If you want to know more about the benefits of exercise and physical activity and learn ways to be active every day, NIA has free information just for you! Call 1-800-222-2225 or visit www.nia.nih.gov/Exercise.

Diet
Researchers have explored whether diet may help preserve cognitive function or reduce AD risk, with some intriguing findings. For example, studies have examined specific foods that are rich in antioxidants and anti-inflammatory properties to find out whether those foods affect age-related changes in brain tissue. One laboratory study found that curcumin, the main ingredient of turmeric (a bright yellow spice used in curry), can bind to beta-amyloid and prevent oligomer formation. Another study in mice found that diets high in DHA (docosahexaenoic acid), a type of healthy omega-3 fatty acid found in fish, reduced beta-amyloid and plaques in brain tissue.

Other studies have shown that old dogs perform better on learning tasks when they eat diets rich in antioxidants, such as vitamin E and other healthful compounds, while living in an “enriched” environment (one in which the dogs have many opportunities to play and interact with people and other dogs).

Scientists also have examined the effects of diet on cognitive function in people. A very large epidemiologic study of nurses found an association between participants who ate the most vegetables (especially green leafy and cruciferous vegetables) and a slower rate of cognitive decline compared with nurses who ate the least amount of these foods. An epidemiologic study of older adults living in Chicago found the same association. The researchers do not know the exact reason behind this association, but speculate that the beneficial effects may result from the high antioxidant and folate content of the vegetables.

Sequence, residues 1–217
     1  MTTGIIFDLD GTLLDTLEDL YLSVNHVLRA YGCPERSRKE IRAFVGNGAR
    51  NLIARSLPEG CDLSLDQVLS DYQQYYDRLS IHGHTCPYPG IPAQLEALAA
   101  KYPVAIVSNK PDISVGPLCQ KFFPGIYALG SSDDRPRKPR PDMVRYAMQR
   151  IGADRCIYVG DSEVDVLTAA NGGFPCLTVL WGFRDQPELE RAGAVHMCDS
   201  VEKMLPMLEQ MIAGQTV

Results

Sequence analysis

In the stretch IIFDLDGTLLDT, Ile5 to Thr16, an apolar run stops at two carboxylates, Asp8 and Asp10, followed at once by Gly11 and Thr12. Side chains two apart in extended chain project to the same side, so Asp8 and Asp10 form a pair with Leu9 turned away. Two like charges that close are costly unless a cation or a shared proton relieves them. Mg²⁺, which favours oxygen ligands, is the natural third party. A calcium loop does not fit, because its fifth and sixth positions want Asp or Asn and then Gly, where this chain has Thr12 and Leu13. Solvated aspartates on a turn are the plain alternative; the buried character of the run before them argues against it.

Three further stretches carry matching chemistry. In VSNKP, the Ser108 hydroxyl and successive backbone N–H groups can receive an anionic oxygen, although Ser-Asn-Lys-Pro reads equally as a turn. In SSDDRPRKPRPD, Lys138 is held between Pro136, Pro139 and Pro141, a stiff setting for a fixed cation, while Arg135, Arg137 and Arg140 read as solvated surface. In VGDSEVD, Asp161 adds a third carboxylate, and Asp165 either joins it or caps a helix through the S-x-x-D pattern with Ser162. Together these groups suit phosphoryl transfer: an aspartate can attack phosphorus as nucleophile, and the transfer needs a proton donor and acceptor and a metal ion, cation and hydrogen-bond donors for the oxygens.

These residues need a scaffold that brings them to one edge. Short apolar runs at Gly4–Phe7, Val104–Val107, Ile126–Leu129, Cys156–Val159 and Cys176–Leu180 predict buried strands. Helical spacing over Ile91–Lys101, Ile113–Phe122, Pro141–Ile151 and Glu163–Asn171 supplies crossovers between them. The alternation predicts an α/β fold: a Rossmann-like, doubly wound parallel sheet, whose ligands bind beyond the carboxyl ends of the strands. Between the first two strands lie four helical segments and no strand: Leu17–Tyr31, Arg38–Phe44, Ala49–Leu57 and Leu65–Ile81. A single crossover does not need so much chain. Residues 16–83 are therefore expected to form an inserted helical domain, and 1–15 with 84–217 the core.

Dietary studies, such as the curcumin study in mice or the vegetables study in nurses, generally examine individual dietary components so that scientists can pinpoint their specific effects on an issue of interest. This approach has obvious limitations because people do not eat just single foods or nutrients. Several recent epidemiologic studies have taken a different approach and looked at an entire dietary pattern.

In one of these studies, researchers worked with older adults living in New York who ate the “Mediterranean diet”—a diet with lots of fruits, vegetables, and bread; low to moderate amounts of dairy foods, fish, and poultry; small amounts of red meat; low to moderate amounts of wine; and frequent use of olive oil. The researchers found that sticking to this type of diet was associated with a reduced risk of AD and that the association seemed to be driven by the whole approach, rather than by its individual dietary components. A follow-up study found that this pattern also was associated with longer survival in people with AD.

All of these results are exciting and suggestive, but they are not definitive. To confirm the results, scientists are conducting clinical trials to examine the relationship of various specific dietary components and their effect on cognitive decline and AD.

Full-scale AD prevention trials are under-way as well. One such trial, Prevention of Alzheimer’s Disease with Vitamin E and Selenium (PREADVISE), is being conducted in conjunction with a National Cancer Institute-funded trial called the Selenium and Vitamin E Cancer Prevention Trial (SELECT). SELECT is evaluating whether taking selenium and/or vitamin E supplements can prevent prostate cancer in healthy men older than 60 years. PREADVISE is evaluating whether these supplements can help prevent memory loss and dementia by protecting brain cells from oxidative damage (see "The Aging Process" for more on oxidative damage).